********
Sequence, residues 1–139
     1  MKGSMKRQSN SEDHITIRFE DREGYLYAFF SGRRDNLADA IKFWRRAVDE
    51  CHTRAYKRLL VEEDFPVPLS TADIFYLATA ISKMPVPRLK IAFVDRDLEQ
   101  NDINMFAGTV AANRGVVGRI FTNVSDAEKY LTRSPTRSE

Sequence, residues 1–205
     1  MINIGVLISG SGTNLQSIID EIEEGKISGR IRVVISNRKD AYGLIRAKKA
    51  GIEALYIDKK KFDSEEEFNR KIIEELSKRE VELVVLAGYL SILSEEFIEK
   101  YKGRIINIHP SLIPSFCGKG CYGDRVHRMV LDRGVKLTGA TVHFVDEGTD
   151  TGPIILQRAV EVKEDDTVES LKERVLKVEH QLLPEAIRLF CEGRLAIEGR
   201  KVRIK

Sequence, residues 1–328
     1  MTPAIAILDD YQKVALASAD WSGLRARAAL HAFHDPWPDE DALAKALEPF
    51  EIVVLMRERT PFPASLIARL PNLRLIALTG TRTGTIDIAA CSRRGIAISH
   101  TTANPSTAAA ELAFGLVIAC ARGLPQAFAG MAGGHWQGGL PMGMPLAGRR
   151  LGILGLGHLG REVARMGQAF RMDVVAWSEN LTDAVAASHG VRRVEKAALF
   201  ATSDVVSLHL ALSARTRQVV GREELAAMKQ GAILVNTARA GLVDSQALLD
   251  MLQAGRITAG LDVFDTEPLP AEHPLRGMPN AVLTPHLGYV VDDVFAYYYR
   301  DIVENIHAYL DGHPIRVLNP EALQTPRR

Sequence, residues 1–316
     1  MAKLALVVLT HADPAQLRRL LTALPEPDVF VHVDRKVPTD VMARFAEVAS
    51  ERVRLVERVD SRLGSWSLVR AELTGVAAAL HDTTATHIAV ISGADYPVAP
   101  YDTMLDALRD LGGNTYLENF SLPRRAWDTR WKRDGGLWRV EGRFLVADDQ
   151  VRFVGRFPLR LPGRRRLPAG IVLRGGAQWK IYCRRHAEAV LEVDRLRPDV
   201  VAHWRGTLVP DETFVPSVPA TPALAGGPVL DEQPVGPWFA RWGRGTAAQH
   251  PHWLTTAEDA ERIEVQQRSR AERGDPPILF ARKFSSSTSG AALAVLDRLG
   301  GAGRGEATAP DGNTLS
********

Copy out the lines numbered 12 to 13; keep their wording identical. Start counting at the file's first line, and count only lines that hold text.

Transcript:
     1  MTPAIAILDD YQKVALASAD WSGLRARAAL HAFHDPWPDE DALAKALEPF
    51  EIVVLMRERT PFPASLIARL PNLRLIALTG TRTGTIDIAA CSRRGIAISH